An Evening with U.S. Poet Laureate Joy Harjo
Mon Feb 22, 2021, 7:00 pm - 8:00 pm, Virtual Event
The new Notre Dame Initiative on Race and Resilience and Multicultural Student Programs and Services present a reading and moderated Q&A with Joy Harjo, the 23rd Poet Laureate of the United States and the first Native American to hold the position.
The Initiative's inaugural event is presented in partnership with the Native American Student Association of Notre Dame and is part of Walk the Walk Week, which runs from Feb. 22–28. This virtual event is free and open to the public.
Joy Harjo is an internationally renowned poet, musician, performer, and writer of the Muscogee (Creek) Nation. She is the author of nine books of poetry, including the highly acclaimed An American Sunrise, several plays and children's books, and two memoirs, Crazy Brave and Poet Warrior: A Call for Love and Justice. Harjo is the executive editor of the anthology When the Light of the World was Subdued, Our Songs Came Through — A Norton Anthology of Native Nations Poetry and the editor of Living Nations, Living Words: An Anthology of First Peoples Poetry, the companion anthology to her signature poet laureate project, an interactive story map and audio collection featuring Native Nations poets.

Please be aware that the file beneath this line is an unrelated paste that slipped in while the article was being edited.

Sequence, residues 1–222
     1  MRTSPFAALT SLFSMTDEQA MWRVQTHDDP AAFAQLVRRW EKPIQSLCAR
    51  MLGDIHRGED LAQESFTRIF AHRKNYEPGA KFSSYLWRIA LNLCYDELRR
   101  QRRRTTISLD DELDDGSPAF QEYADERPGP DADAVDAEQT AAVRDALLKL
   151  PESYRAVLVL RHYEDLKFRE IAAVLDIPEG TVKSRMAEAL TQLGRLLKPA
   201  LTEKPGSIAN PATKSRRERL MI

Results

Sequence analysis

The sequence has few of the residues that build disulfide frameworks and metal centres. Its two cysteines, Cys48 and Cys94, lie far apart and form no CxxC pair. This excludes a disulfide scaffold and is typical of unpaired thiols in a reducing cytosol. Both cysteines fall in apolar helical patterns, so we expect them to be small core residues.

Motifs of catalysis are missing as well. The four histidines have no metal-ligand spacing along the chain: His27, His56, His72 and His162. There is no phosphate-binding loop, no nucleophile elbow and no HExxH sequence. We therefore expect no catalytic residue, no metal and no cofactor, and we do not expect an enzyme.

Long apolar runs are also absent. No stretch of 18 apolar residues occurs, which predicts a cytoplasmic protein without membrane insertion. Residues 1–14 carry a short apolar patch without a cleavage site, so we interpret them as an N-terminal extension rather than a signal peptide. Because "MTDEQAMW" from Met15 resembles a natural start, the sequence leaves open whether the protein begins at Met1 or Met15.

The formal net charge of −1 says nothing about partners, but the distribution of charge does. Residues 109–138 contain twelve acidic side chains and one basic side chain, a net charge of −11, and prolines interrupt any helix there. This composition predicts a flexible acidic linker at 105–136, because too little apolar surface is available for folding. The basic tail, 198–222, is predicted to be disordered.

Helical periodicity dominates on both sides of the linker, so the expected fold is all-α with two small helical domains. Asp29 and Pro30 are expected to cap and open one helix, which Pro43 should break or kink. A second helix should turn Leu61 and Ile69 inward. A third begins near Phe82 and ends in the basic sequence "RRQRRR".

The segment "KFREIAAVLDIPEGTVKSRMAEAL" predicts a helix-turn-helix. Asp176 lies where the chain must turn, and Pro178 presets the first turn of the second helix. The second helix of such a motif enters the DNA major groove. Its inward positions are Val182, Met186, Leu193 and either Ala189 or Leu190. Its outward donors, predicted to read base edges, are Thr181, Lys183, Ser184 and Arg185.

Panel Discussion: "Reparations and Reconciliation at Notre Dame: Opening and Framing the Discussion"
January 22, 2020
The Mediation Program of the Kroc Institute for International Peace Studies hosts a panel discussion on reparation and reconciliation at Notre Dame and beyond. The panelists will include diverse speakers from the University and the South Bend community, with ample opportunity for audience participation.The discussion will explore the requirements for reconciliation, such as truth-telling, acknowledgement of harm, and different kinds of reparation.
The event is part of Walk the Walk Week at Notre Dame.
Susan D. Page, Visiting Professor of the Practice, Keough School (moderator)Panelists include:
Debra Stanley, Executive Director, Imani Unidad Inc.
Marcus Winchester, Director, Language and Culture, Pokégnek Bodéwadmik (Pokagon Band of Potawatomi)
Brian Collier, Director, American Indian Catholic Schools Network
Savanna Morgan, senior student and spokesperson, End Hate at ND
Laurie Nathan, Professor of the Practice of Mediation, Kroc Institute
- Black Faculty and Staff Association
- Center for Social Concerns
- Department of Africana Studies
- Human Resources, Diversity and Inclusion